Next to a packed out Voodoo Rooms for Malcolm Hardee winning Lawrence Owen: Cinemusical. While a great show highlighting musical talent par excellance, I could not see why this was the best show John Fleming had seen in 30 years. For me it was not a patch on Max and Ivan or the Sleeping trees for multifaceted sketch characterisation. But that would not stop me queueing to see what he does next!

Over to the Mash House next for silent comedy genius with the Kagools. A beautiful hour with a ton of audience interaction and laughs galore. So glad I saw it, fun for all the family. Amazing.

Next, my fourth year in a row seeing one of our absolute favourite comics, an absolute genius Milo McCabe: Genesisocide. What the fuck did I see here? Masses of characters, time travel, paradoxes, insane characters. The product of a very brilliant mind. For comic originality this was the one for me.

Back to the Mash House for Holly Burn: Kirsty K. Another superb character comedian who I was seeing do a full show for the first time. Well worth the long wait to see her.

To the Pleasance Courtyard for Sean McLoughlin: Whatever it Takes. We had seen Sean in May at Machynlleth and we were not at all sure about him, it was a weird show where he seemed to have been distracted by an incident in the town earlier on. I had met him a few times this Edinburgh wandering around and found him a lovely guy, and wanted to se his true colours. Absolutely loved this show, self-deprecating but with such beautiful punchlines, it was like poetry to me in places. Cannot wait to see him again.

A change to my schedule for the rest of the night. Carole was at the Stand with Mary Ann enjoying Martin Mor, while I stayed at the Pleasance for Brett Goldstein: Burning Man. Brett is always good to watch. Some of this material I had heard when I saw him in London earlier in the year, but it was another thoroughly enjoyable hour.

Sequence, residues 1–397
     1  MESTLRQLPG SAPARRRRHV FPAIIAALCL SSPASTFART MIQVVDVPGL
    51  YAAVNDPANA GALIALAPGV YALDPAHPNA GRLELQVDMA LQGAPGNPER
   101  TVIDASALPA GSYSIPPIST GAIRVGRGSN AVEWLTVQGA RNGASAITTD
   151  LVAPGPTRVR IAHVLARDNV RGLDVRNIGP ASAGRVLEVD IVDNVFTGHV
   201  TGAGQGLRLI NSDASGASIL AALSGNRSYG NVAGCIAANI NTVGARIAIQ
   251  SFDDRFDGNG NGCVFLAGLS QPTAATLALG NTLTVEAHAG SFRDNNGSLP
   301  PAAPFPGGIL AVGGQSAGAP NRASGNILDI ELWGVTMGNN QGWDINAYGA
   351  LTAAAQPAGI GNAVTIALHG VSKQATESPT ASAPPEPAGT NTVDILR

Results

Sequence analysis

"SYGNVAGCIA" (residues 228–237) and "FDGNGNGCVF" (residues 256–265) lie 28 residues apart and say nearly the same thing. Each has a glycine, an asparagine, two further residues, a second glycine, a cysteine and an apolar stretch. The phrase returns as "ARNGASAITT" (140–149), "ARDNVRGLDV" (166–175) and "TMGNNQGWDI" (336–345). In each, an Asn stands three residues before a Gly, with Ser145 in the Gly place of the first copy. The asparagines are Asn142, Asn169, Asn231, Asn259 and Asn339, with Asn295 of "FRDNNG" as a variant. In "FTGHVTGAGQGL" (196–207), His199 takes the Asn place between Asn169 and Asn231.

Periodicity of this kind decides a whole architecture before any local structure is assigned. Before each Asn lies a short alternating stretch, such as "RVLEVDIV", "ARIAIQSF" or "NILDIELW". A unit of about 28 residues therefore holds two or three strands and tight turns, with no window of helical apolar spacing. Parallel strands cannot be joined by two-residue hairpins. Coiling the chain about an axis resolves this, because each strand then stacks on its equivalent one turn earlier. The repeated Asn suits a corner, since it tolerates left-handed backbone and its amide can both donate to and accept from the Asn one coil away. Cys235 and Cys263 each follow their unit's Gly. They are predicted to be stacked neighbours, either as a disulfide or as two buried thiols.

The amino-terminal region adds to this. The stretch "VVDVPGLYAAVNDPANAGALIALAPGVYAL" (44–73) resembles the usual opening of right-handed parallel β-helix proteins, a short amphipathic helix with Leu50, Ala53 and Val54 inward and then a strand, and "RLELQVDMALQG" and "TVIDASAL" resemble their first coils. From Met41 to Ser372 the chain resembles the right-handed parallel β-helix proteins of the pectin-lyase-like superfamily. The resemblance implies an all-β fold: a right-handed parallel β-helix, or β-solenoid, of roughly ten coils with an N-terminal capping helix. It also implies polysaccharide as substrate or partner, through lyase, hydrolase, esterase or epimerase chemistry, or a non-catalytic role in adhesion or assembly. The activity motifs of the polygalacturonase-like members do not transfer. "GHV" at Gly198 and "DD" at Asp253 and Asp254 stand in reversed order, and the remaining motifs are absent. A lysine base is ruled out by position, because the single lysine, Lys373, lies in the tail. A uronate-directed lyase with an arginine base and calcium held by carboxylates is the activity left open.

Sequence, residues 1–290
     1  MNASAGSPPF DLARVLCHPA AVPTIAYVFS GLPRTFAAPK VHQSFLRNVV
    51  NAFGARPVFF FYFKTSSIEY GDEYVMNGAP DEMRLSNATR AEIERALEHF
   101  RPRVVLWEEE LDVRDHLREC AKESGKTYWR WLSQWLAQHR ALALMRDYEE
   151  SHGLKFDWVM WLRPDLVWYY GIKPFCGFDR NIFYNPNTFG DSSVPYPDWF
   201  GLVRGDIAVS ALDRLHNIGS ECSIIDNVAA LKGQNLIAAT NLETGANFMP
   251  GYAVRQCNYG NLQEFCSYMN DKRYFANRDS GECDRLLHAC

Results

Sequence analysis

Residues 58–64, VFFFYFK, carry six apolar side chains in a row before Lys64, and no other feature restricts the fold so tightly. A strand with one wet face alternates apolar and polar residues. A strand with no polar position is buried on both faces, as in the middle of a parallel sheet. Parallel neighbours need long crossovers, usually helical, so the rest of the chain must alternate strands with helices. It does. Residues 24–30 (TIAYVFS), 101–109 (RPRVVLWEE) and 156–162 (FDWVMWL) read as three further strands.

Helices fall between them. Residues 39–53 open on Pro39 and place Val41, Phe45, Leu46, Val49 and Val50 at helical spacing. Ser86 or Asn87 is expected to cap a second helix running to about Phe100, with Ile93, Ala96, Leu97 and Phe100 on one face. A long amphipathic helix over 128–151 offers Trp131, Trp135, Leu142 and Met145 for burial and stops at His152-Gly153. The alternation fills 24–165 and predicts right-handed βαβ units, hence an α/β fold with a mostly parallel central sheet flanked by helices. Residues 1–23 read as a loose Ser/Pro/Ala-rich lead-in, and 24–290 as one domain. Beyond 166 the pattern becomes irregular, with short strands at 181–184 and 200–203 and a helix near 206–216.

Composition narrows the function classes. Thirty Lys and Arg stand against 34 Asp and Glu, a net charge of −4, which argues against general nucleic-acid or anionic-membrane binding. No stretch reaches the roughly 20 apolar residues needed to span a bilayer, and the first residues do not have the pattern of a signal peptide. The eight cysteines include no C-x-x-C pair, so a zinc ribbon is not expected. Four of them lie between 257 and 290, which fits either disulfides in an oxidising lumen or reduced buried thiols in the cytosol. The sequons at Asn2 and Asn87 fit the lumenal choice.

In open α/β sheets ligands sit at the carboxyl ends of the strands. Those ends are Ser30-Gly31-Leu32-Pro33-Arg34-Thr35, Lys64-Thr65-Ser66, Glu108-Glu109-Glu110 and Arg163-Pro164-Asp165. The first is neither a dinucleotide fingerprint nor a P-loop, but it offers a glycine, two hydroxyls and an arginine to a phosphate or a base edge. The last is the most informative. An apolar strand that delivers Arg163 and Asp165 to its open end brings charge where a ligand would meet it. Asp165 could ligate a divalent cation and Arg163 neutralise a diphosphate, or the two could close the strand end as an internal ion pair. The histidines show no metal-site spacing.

I then walked over to the Assembly Rooms on George Street for Phil Nichol’s Cray Cray Cabaret, which started while Carole was next door having a wonderful time seeing a show I had seen earlier in the Fringe, The Man. We were finally getting closer together. While she was watching her show I saw the first part of this show which featured Piff The Magic Dragon who went down a storm. Then in the interval I caught Carole exiting the show and we went back into the room for  the rest of the evening together. She was delighted to see Larry Dean perform and could see how much further he had progressed since we last saw him together, ( I thought he was the best I’d ever seen him – so confident! Carole)  I had already reported back how good his debut solo show was having seen it earlier in the Fringe. having been twice, Cray Cray was the most enjoyable of all the late night shows I have seen. I hope it appears again next year. (If we can afford the trip!)

We then walked over to say hi to our good friend Bob Slayer on the Blunderbus and had a relaxed drink before Carole went off to bed and I went to Late and Live for the last hour. I was glad I did as I was treated to John Hastings, Tessa Waters, Carl Donnelly and Johnny Awsum, who finished the night with a bang and left a smile on everyone’s faces.

That’s was it. 108 shows in 10 days, and still loads more I would have liked to have seen.

I saw most of the nominees for best show (Sarah Kendall in preview just before). Only omission was Nish Kumar, who we love, but we already had tickets for his upcoming tour in Exeter that we bought months ago. Sarah and Sam Simmons were my two standouts and I had no problems with the result at all. I thought it was a really good list, but always would like to see someone not so high up on the comedy radar get a look in. (Only surprise being Seymour Mace, who I loved and was a genuine shock).

Was delighted to see Sofie win best newcomer, as was our chicken named after her, though a bit sad for Larry Dean. He has the personality though that is going to see him be a huge star (agreed – Carole). There isn’t a more likeable performer around.

And so to 2016 if I survive the post Fringe depression that will set in shortly,